Electrical – Why is the output DC voltage of full wave rectifier not equal to the RMS of the original AC input




I understand that the RMS of an AC voltage is the magnitude of the equivalent DC voltage in terms of power produced,so I expected that when the AC voltage is rectified, the output DC voltage would be equal to the RMS of the original AC (assuming no other voltage drops for diodes.)

When used to compare the equivalent RMS voltage value of an alternating sinusoidal waveform that supplies the same electrical power to a given load as an equivalent DC circuit, the RMS value is called the “effective value” and is generally presented as: V eff or I eff.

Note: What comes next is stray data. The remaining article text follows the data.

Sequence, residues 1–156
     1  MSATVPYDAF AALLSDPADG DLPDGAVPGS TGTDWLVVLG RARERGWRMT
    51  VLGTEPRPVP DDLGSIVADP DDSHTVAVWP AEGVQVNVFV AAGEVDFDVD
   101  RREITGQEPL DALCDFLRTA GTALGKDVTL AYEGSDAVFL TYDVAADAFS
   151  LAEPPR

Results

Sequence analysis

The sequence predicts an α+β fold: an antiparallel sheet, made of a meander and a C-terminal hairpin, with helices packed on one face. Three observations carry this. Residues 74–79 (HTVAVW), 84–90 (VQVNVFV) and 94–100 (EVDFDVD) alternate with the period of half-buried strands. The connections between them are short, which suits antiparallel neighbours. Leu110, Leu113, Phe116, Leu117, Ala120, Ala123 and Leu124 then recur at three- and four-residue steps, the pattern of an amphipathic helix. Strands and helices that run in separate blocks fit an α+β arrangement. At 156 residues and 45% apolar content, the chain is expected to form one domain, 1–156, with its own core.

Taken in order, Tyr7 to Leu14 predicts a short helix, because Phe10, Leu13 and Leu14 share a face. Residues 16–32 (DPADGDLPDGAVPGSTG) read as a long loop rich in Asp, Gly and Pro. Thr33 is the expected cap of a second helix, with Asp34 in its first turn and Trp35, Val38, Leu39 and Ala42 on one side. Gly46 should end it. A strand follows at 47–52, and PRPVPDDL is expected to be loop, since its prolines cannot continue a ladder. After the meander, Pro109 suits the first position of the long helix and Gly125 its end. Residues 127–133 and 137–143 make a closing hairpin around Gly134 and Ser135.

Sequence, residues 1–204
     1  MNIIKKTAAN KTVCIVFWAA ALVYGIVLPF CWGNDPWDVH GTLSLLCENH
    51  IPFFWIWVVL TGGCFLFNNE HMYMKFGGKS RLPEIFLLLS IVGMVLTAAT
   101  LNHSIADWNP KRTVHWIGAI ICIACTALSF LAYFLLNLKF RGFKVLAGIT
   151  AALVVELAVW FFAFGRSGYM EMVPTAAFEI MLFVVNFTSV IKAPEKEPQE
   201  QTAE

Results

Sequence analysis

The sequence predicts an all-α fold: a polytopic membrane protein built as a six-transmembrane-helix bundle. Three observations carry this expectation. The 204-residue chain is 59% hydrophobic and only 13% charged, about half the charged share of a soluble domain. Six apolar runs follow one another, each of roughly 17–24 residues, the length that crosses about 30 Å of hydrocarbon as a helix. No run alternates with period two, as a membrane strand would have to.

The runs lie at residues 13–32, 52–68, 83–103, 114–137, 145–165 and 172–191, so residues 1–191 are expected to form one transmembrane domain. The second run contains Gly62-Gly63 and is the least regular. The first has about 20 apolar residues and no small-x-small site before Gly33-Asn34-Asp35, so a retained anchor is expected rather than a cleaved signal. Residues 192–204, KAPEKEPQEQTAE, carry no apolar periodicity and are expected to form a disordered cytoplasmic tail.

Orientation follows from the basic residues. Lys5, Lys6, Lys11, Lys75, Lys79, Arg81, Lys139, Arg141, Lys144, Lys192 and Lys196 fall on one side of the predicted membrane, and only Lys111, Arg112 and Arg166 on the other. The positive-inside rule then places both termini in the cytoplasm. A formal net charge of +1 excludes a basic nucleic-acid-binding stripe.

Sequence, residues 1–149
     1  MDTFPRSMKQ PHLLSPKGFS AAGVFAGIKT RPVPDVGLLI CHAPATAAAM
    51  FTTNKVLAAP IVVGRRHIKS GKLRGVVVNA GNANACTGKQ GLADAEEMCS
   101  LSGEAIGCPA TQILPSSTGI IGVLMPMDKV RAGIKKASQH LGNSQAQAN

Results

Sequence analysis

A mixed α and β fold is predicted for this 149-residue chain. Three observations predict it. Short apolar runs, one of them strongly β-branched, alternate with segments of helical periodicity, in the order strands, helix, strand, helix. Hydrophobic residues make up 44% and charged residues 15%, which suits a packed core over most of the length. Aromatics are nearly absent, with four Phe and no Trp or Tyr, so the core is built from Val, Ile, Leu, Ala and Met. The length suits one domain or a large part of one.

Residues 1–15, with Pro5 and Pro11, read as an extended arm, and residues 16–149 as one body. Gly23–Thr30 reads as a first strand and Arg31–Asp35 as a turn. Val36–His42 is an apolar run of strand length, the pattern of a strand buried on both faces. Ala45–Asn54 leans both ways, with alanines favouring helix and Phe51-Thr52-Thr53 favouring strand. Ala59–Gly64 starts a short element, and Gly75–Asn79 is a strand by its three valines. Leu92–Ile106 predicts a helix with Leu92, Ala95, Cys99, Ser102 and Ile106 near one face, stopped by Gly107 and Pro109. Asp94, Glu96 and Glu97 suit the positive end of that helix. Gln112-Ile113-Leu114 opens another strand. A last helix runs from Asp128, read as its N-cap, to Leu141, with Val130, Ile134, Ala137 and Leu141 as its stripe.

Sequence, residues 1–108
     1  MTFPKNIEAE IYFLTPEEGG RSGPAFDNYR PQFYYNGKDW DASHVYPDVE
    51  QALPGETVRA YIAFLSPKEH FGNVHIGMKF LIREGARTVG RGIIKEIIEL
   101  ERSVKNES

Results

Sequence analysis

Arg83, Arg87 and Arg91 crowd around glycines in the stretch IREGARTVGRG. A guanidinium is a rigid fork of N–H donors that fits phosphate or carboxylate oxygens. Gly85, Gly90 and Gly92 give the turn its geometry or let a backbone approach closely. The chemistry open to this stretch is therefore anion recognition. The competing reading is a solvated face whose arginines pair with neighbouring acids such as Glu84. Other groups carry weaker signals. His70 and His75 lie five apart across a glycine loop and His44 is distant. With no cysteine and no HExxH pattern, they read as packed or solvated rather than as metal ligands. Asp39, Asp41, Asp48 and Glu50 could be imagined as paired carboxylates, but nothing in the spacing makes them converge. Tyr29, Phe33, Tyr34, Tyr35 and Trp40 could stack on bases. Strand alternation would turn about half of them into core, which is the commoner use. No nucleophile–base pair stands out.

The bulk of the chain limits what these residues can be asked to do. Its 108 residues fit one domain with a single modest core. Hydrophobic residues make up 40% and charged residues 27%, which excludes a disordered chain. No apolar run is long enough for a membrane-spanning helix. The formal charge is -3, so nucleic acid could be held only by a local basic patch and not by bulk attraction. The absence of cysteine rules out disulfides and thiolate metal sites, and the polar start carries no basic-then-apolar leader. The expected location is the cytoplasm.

In other words, the effective value is an equivalent DC value which tells you how many volts or amps of DC that a time-varying sinusoidal waveform is equal to in terms of its ability to produce the same power.


V DC = 0.9 * V RMS

V DC = 0.9 * V RMS

Best Answer

The \$\boxed{\text{average of }|x|}\$ is \$\color{red}{\text{not mathematically the same as the}}\$ \$\sqrt{\text{average of } |x|^2}\$

One computes an average value of a signal but the other computes the power associated with that signal.